Are brands ready for a radical change of consumer?

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Are brands ready for a radical change of consumer?

Friday, 15 January 2016

Graham Robertson, president of the branding company Beloved Brands, wrote a column on the consumer qualities that should be considered when creating an advertising campaign. According to him, communications in the world are changing rapidly, and if brands keep up, they will be able to unleash their full potential.

“Since the beginning of this century, we have witnessed a profound change in consumers, who have begun to encourage brands if they exceed their expectations, find something special in them and set a higher goal of communication,” explains Graham Robertson.

He adds that consumers are tired of the various tricks companies use to encourage them to buy their products. In general, Graham Robertson advises paying attention to the following changes:

Consumers’ brains are unable to cope with all the advertising messages they see. Brands bombard consumers. Companies need to change their approach to how to attract attention.

Consumers are constantly multitasking. Watching TV and flipping through the news on your smartphone, walking down the street, while texting your friends is the norm. Due to the diversity of advertising, consumers no longer pay attention to it. Therefore, in reality, a person interacts with only a few brands during the day.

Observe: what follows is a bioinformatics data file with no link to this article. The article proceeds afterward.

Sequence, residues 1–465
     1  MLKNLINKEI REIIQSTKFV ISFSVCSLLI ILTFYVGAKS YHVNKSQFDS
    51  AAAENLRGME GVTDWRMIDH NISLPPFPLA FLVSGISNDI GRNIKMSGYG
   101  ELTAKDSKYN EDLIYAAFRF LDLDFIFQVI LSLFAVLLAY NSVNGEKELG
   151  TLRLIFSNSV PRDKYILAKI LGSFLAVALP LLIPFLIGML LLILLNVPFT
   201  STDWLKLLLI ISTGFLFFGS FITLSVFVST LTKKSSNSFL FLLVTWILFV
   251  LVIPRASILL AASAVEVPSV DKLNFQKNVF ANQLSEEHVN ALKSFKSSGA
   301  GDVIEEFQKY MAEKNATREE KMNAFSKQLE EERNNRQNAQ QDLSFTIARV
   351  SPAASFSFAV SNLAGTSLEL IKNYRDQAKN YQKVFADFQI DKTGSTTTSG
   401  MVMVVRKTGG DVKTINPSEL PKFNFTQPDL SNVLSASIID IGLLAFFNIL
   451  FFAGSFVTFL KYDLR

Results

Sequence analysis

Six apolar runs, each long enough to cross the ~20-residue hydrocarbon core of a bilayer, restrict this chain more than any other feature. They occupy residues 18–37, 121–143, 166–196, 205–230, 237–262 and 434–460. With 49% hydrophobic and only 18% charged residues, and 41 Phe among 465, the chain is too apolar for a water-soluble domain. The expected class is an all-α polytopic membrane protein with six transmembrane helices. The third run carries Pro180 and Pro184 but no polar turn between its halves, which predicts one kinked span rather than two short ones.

Consumers are tired of false promises from companies. If a person understands that the brand provides inaccurate information, he can quickly write about it via forums, rating sites, and social networks.

Control the entire process of purchasing products. A person researches the brand in detail, reads reviews, and draws his own conclusions. Therefore, the brand must manage the whole process: to acquaint with the product, help buy it and explain how to use it.

People only interact with the brands they believe in. Consumer desires and expectations have grown significantly. The main thing is that they choose those brands whose values ​​impress them. The ethics and behavior of the campaign in crisis situations are of great importance. An example is the “diesel scandal” by Volkswagen.

Consumers feel more about the product than they do. In the 20th century, people bought goods because companies shouted from TV screens that their products were the best. Today there is interaction on a deeper level. For example, Starbucks creates “special moments” for their customers.